Our total transportation investment is jeopardized by the neglect of maintenance. The author considers the effects of such neglect on the various areas of transportation. Due to deferment of maintenance, railroads are now in critical trouble. Though deterioration of rails and ties reached a critical point in the 1960's, concurrent financial pressures further delayed maintenance and instead forced railroads into operation of heavier trains, exacerbating an already critical situation. The current popular disinterest in highways portends a similar disaster in that area. Immediate highway maintenance needs, combined with spiraling maintenance costs and a trend toward heavier vehicles, call for investments of $8 to $10 billion annually. The author considers increased vehicle size and weight as it affects each mode. The opportunity for foresight with respect to maintenance needs exists with urban transportation systems. The author comments on some factors to be considered in planning such systems. Mention is made of the problems surrounding maintenance of waterways and air traffic control systems, and of the necessity for continuance of an electric power supply. Costs surrounding transport of hazardous materials are discussed, as are the options for solution of the above-mentioned problems. Common funding seems to be the trend; combined with research, successful maintenance of our transportation systems might be accomplished.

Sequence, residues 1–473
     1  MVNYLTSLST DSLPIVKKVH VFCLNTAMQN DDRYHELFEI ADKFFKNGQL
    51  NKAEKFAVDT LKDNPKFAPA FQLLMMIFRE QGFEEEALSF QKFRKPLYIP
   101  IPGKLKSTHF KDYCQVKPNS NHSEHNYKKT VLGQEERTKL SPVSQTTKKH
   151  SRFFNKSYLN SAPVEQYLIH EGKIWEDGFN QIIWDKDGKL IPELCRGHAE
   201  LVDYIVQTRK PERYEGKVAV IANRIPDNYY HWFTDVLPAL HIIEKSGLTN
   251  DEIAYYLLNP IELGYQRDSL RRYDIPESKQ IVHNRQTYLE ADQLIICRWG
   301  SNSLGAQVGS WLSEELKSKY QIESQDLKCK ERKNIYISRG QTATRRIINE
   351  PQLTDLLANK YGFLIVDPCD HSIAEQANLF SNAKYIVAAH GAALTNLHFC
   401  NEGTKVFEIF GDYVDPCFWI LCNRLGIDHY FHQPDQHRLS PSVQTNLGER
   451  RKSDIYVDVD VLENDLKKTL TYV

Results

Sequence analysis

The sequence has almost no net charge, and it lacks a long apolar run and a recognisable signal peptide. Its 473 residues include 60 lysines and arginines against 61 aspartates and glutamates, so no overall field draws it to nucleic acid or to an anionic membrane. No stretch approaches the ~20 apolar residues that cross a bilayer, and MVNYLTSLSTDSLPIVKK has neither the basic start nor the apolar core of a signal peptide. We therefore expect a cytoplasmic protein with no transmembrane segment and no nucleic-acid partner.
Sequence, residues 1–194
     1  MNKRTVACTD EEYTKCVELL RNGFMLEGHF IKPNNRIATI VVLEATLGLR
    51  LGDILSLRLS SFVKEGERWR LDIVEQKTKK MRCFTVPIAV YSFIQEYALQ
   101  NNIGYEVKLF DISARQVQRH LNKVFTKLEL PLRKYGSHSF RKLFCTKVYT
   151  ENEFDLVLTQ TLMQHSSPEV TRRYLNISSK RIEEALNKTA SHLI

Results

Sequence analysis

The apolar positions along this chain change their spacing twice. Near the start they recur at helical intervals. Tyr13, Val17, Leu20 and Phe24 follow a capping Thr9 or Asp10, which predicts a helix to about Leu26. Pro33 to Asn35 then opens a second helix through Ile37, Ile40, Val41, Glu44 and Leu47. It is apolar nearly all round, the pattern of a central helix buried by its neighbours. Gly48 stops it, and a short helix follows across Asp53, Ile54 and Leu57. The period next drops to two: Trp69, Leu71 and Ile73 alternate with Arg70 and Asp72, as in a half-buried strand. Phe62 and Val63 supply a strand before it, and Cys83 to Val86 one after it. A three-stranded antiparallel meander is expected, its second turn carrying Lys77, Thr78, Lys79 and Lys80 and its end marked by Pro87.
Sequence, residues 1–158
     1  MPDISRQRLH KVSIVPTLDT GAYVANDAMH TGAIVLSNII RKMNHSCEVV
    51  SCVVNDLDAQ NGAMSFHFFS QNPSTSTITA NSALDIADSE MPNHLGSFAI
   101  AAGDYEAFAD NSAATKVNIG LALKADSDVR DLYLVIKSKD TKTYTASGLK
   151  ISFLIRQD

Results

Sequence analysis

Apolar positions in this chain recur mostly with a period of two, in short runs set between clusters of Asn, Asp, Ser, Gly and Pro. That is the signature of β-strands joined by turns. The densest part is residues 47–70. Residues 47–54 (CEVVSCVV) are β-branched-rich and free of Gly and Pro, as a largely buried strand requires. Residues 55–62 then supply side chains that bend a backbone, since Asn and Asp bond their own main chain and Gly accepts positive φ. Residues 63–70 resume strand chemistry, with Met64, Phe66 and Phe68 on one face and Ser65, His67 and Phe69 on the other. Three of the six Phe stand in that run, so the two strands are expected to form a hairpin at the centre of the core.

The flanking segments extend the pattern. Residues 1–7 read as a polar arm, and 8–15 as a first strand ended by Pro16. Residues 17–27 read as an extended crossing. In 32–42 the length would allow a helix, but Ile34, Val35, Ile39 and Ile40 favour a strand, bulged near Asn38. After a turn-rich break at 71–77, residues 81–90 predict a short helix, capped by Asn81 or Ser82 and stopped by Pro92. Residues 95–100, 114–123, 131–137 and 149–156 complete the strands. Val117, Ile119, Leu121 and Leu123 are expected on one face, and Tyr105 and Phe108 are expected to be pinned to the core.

Media Info

  • Features: References;
  • Pagination: p. 9-13
  • Serial:

Subject/Index Terms

Filing Info

  • Accession Number: 00125451
  • Record Type: Publication
  • Files: TRIS, TRB
  • Created Date: Nov 5 1982 12:00AM